A long, hard, silent stare. Then, finally: “There were no such gates in my time, and no one in my crypt to build one once it was buried.”
Ice coursed through Faun’s veins…
“It does not matter,” Seker continued. “This place is good. I suggest you stand back.”
“I can’t believe her! How could Faun do this?!”
That was the sixth time in the last thirty minutes that Hanami had asked that question. He knew by now that it was meant to be rhetorical, so Rowan felt no pressing need to answer it again. The first three times he made an effort, but by the fourth, it was clear that she was capable of carrying on the conversation without his input. The badger sat at his writing desk, nursing a cup of strong chamomile and browsing a volume of ferret magical theory, while behind him Hanami paced back and forth before the front door.
The course of emotions on display over the last hour was astonishing. Rowan had seen Hanami shift from uncharacteristic vehement rage to despairing tears to sheer terror and back, in every possible combination. It was difficult to comfort someone in such a state, but on the bright side, he now had some excellent ideas for a few new psychology papers.
His honey-brown eyes wandered back to the book and the diagram of mist magic runes therein. The best treatment for emotional hysteria, in his opinion, was to let the subject vent in a safe environment until it was all out of their system and they resumed a level head. Any moment now, he surmised, the doe would calm down and be ready to address the problem with sound judgment.
There was little danger of Hanami leaving in the meantime. Doubtless her pacing would have taken her right out of his sett’s door, were it not blocked by an upended bench of dark ironwood, so heavy that only Rowan could remove it. Not to say that Hanami hadn’t tried to move it by herself; the effect was a bit like an ant trying to move Campfire Rock. One had to admire her vivacity.
This was her first time in Rowan’s sett, and in normal circumstances, she might have found it a far more calming place. Hollowed out from the side of a high, mossy hill, there were shelves lining every available wall, and on those shelves were the contents of Rowan’s library… Books of all sizes and shapes, old books, new books, thin books, thick books, bound books and books on scrolls, rolled up in cylindrical containers. Books were piled high to the point of overflow, some of them threatening to spill over onto the pine floors. There were books dedicated to every subject imaginable: historical texts, volumes of every species’ Godlore, novels and short stories, maps and atlases of the explored world, sheaves of plays and dramas, neatly folded diagrams of the various styles of armor… it looked as if Rowan was trying to outdo his beloved Ubamegashi library in Unify in terms of breadth and scope, and he was well on his way to succeeding. A person might mistake the sett for one of that library’s storage rooms, were it not for the forge in the back.
At first it seemed at odds with the rest of the sett, but the forge was where Rowan indulged his other passion in life, with just as much enthusiasm. It was the one place in his home where there were no books; they would have been in danger from the heat of the expansive ironworks nestled in the back wall. There was a fire within the chamber now, but a small one, for warmth rather than work. Sitting in front of the forge was a gnarled, timeworn anvil, pitted and scarred from many a project, but maintained carefully over the years. To either side, Rowan’s tools hung from the earthen walls: blackened tongs, work gloves, a protective facemask, a lead jar containing inactive fire spellstones, and of course, a massive hammer suitable for flattening and shaping molten ore. In lumber baskets and sconces were the results of his work… instruments and weapons of wood, iron, and steel, ranging from crude to expertly crafted. Mostly they were simple pikes, staves, armor plates, and a fishing rod or two, but here and there were more complex creations: a few daggers, an attempt or two at a longsword, and an early version of his favored morning star.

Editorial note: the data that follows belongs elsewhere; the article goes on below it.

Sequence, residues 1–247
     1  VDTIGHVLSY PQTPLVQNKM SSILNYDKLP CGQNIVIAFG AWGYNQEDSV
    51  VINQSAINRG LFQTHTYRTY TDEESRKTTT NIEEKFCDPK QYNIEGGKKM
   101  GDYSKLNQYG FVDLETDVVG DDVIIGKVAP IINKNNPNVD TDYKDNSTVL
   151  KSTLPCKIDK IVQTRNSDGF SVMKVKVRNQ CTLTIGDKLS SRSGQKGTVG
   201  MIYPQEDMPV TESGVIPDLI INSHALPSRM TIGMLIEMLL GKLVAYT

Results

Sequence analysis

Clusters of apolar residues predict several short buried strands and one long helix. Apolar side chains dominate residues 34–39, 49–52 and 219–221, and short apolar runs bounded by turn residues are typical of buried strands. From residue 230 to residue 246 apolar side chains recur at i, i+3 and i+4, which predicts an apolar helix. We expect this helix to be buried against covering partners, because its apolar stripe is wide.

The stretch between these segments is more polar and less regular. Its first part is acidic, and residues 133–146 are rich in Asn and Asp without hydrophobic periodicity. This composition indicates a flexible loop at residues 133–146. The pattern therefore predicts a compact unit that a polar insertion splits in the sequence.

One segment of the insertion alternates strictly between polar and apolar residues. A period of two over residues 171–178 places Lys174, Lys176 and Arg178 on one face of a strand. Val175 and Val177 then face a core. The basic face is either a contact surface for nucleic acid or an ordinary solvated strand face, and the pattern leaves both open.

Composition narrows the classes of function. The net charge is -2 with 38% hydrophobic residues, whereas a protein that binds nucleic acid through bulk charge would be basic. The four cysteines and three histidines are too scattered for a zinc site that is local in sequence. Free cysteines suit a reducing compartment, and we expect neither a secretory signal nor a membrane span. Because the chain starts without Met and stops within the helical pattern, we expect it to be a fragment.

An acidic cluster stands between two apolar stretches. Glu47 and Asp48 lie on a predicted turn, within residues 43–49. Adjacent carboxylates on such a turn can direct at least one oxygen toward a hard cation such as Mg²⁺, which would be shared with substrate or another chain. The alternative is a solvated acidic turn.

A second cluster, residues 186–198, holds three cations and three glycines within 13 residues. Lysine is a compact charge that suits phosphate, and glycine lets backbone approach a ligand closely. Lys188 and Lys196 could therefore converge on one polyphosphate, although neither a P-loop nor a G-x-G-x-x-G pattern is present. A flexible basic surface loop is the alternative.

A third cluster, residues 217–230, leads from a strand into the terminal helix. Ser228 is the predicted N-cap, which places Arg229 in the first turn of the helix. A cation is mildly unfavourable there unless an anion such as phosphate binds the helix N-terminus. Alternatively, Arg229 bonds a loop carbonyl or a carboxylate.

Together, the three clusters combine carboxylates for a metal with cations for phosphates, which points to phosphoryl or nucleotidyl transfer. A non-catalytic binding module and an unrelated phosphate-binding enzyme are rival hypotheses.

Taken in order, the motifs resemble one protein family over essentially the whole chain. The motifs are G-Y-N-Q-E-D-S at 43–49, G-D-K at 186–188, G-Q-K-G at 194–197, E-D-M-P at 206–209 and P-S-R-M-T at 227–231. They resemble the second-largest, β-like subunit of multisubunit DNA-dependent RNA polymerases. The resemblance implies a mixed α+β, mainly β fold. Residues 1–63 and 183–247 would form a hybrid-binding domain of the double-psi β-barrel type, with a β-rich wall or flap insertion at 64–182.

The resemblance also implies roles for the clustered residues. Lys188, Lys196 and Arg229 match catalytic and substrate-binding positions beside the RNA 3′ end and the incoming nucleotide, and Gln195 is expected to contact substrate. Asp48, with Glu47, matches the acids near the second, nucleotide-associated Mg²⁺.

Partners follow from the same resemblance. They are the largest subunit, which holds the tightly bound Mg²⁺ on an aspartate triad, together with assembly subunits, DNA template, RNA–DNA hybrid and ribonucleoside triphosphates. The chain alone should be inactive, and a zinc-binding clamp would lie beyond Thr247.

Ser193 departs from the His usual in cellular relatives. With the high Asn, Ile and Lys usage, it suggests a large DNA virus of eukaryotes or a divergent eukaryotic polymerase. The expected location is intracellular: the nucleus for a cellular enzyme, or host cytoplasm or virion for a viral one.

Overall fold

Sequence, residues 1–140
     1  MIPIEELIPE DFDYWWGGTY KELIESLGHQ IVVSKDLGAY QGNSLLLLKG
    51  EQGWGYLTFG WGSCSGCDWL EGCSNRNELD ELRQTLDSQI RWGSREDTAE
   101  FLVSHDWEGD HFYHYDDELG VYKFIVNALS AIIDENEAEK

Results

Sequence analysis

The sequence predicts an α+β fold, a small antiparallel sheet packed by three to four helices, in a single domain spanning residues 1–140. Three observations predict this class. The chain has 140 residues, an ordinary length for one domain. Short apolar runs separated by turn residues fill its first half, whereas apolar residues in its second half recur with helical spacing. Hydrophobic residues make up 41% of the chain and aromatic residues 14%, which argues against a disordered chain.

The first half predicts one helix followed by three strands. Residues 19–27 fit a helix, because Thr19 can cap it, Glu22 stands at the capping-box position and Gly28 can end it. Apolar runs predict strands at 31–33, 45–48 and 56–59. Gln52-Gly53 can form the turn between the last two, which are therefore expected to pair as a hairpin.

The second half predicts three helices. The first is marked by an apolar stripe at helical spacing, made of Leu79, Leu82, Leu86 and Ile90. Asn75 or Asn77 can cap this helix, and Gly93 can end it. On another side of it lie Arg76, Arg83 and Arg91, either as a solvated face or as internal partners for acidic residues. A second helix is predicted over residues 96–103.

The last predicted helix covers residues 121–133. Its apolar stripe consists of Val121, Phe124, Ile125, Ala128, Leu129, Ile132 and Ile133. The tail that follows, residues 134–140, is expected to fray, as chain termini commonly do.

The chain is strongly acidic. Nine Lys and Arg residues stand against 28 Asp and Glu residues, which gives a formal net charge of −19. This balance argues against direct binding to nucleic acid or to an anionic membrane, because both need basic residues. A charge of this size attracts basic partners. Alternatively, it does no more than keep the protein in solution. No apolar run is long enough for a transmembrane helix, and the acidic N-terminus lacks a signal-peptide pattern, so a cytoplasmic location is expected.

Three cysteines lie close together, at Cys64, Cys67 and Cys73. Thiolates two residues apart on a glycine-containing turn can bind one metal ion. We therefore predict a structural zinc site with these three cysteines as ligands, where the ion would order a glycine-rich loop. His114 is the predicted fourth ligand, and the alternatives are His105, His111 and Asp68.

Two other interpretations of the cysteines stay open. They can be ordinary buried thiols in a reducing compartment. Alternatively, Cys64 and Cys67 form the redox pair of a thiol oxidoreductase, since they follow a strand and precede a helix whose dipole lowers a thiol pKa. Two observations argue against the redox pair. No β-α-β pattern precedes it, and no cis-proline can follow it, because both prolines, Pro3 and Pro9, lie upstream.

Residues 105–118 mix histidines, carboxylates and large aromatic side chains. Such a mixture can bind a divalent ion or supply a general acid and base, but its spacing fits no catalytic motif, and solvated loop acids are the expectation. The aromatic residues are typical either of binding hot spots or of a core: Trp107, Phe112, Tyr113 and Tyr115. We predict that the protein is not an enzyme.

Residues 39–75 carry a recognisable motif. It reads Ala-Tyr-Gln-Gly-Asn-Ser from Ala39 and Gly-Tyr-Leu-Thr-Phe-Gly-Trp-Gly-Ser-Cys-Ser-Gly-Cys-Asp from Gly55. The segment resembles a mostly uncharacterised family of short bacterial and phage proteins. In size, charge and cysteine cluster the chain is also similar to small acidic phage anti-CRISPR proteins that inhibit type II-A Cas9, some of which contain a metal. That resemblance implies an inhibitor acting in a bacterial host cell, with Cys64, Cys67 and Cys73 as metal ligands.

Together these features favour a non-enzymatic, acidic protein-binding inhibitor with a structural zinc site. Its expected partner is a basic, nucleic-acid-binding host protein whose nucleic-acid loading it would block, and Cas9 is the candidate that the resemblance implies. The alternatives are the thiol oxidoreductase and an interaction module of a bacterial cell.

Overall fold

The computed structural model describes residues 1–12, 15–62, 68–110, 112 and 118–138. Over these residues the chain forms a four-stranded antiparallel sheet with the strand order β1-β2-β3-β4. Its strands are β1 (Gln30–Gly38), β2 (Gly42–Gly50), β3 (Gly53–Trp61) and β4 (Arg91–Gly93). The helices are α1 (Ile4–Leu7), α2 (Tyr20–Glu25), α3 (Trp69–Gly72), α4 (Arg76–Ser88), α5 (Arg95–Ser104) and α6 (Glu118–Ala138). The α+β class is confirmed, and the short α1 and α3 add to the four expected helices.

The sett’s many treasures escaped Hanami’s notice for the moment. The thought of what Faun might do with her Mage Flower was so terrifying that it pushed out everything else. “She lied to me, took advantage of my feelings and my Phase, and for what? For my Mage Flower? What if she loses it, Rowan?” The doe wring her hands and started on another circuit of the room. “Or worse, what if she sells it? I can’t just stay here and wait, I have to-”
Rowan’s eyes glanced over the top of the book again. His brows rose in alarm. “Milady, be careful of the-”
Too late. One of Hanami’s foot claws caught in a particular spot on one of the floorboards. With an awkward squeak-cry of shock, she toppled out of sight behind one of Rowan’s favorite overstuffed armchairs. THUD.
“- knothole,” Rowan sighed. Putting the book aside, he rose from his desk and crossed the room to find Hanami flat on her face behind the chair. The badger extended one large hand, his eyes soft with sympathy. “All you all right, Milady?”
Hanami took hold of his finger, sniffling and alternating between rubbing her sore nose and stretching her equally sore toe. “No.”
“Exactly,” said Rowan. “You were in such a state that you blocked out everything else. If you followed Faunelle like that, you would have far worse than an aching snout by now. Remember the words of your Hayaoh: ‘A warrior’s virtue is in keeping a burning heart and a cool head.’”
Hanami was never much for samurai stories, but she saw the point. “I know, I know, but… Faun doesn’t understand how important the Mage Flower is to me! I need it back!”
“We will retrieve it, once we are all gathered back together… minus one, of course. I have already sent word to Lady Naole’s message scroll, so Zero should see it before he leaves Unify.”